- Take Advantage of Any Opportunity to Eat Together: “If you count all the meals in a week, there are 16 opportunities for your family to eat together,” she says. And to work around schedules, be flexible: Think of weekend brunches. Have intentional snacks together, such as an evening snack after homework is done.
- Skip the Snooze Button: “Breakfast may work better for some families to eat together. If you don’t press the snooze button on your alarm clock, you get seven or 10 extra minutes in the morning and you can have a healthy breakfast and share fun and interesting conversation.”
- Take Shortcuts to Meal Prep: “Don’t focus too much on the food not being gourmet or fancy or using heirloom tomatoes and such. The benefits of family meals come from more than just the food.” Fishel suggests ordering the occasional takeout meal or shortcuts such as buying a rotisserie chicken or precut vegetables. Make double batches of meals, freeze half, and heat it up for another dinner. And keep your larder stocked so you can whip up quick dishes when needed. “These shortcuts won’t subtract points from the power of a family dinner.”
- Eat in Shifts: “Many families have desperate schedules with extracurricular activities and more, so try feeding in overlapping shifts. Feed younger kids cut-up vegetables and fruit, then the next shift can have the main meal, and you might all sit together for dessert.”
- Prioritize: “Decide what your family values are,” she advises — and put family meals high on the list. She points to advice by family therapist William Doherty, PhD, author of The Intentional Family: Simple Rituals to Strengthen Family Ties, who recommends that parents meet with teachers and soccer coaches and try to work out new times for performances and practice sessions if they are getting in the way of family meals. “Instead of the umpteenth extracurricular activity, sometimes you need to let go of certain things so you can have dinner together a couple times each week,” Fishel says.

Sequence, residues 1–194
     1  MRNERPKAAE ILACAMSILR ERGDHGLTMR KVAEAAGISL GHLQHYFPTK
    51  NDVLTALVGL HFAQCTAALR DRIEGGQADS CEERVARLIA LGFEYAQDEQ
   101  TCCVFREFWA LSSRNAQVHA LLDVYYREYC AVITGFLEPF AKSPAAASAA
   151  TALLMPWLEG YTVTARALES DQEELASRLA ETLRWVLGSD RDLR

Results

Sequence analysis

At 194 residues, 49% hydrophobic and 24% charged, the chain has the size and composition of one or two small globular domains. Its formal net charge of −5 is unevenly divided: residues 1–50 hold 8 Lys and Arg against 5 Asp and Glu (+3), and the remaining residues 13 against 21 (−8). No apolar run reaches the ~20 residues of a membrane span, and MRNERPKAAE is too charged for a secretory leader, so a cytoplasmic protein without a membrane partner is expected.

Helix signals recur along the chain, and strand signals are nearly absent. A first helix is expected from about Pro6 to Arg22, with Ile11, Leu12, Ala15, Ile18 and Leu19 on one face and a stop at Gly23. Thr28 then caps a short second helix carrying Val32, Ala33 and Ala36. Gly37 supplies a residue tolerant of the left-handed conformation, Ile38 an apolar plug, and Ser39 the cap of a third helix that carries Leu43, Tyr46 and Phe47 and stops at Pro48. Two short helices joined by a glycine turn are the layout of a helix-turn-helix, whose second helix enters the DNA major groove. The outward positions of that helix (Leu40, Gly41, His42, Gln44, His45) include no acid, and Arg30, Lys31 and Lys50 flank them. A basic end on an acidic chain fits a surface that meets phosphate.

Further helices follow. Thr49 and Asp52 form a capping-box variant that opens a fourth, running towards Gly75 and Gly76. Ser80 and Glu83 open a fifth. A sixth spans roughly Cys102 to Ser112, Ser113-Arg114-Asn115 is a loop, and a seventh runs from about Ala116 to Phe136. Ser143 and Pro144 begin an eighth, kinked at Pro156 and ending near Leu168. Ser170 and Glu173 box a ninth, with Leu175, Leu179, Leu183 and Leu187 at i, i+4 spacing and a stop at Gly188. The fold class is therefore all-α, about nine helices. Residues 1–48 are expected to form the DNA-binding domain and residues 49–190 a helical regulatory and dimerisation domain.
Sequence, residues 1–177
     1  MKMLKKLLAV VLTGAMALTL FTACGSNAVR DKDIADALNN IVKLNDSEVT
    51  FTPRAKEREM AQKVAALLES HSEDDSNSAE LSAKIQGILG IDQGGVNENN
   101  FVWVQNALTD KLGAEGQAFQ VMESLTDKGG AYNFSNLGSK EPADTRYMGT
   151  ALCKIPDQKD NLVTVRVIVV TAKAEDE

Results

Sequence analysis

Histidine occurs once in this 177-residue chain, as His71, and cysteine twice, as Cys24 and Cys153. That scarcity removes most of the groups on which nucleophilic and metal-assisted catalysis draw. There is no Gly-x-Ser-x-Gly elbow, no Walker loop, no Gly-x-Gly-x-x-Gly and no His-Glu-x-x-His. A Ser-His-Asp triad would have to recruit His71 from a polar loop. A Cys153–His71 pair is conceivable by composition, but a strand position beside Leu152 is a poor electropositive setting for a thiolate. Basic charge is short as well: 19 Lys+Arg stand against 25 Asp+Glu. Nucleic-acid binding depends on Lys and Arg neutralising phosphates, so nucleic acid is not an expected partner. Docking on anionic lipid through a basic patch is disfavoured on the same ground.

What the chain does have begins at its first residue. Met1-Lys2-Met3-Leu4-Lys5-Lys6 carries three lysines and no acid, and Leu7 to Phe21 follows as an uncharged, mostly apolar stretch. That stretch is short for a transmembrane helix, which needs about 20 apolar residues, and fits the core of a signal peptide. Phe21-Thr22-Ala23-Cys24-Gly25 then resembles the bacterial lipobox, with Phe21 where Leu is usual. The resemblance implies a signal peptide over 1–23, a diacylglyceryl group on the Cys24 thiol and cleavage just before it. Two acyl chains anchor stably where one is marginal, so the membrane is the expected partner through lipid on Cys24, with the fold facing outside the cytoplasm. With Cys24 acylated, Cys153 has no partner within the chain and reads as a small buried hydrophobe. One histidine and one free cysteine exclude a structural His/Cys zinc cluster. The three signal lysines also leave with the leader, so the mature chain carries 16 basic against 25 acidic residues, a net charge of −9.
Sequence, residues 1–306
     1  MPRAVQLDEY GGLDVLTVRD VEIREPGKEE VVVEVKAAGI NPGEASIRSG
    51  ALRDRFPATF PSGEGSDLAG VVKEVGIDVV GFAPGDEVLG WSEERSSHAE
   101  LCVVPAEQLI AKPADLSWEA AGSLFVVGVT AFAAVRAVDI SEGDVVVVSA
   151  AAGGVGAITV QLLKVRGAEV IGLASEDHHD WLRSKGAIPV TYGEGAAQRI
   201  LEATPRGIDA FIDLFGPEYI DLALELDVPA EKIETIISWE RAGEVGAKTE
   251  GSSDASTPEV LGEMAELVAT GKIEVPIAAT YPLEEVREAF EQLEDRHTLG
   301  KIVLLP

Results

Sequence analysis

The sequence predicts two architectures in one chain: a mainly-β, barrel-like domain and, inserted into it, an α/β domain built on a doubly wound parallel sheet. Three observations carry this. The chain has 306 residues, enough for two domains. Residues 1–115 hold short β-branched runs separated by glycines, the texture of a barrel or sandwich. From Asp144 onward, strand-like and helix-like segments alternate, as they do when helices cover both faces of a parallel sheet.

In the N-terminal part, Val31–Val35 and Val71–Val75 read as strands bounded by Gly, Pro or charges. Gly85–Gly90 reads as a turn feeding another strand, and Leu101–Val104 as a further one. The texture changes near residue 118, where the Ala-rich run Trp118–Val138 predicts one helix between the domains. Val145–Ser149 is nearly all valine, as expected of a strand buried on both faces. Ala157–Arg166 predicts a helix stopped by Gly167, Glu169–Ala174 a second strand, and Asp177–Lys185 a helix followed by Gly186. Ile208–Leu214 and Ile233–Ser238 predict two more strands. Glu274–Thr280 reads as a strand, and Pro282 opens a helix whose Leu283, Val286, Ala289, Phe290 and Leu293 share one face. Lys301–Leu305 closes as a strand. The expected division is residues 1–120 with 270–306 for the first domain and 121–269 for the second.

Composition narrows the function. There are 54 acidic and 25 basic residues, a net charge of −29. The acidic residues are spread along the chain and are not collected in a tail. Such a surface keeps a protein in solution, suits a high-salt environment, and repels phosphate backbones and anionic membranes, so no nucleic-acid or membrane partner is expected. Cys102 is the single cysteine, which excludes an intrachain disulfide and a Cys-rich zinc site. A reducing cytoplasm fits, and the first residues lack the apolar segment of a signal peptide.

She offers more ideas in her book, Home for Dinner: Mixing Food, Fun, and Conversation for a Happier Family and Healthier Kids.
Family-Dinner Conversation Starters
Harvard’s Family Dinner Project and its cofounder, Anne Fishel, PhD, suggest trying these conversation starters to keep table talk fun and interesting. For more smart conversation ideas, turn to Fishel’s book Home for Dinner: Mixing Food, Fun, and Conversation for a Happier Family and Healthier Kids.
- If you joined the circus, what would your act be?
- Would you rather be able to fly or be invisible?
- If you had superpowers, what would they be — and how would you use them to help other people?
- What’s your favorite movie or book — and what did you like about it?
- If you were the principal of your school, would you change anything?
- Can you guess all of the ingredients in this dish?
- What’s one thing that you learned today that you think I might not know?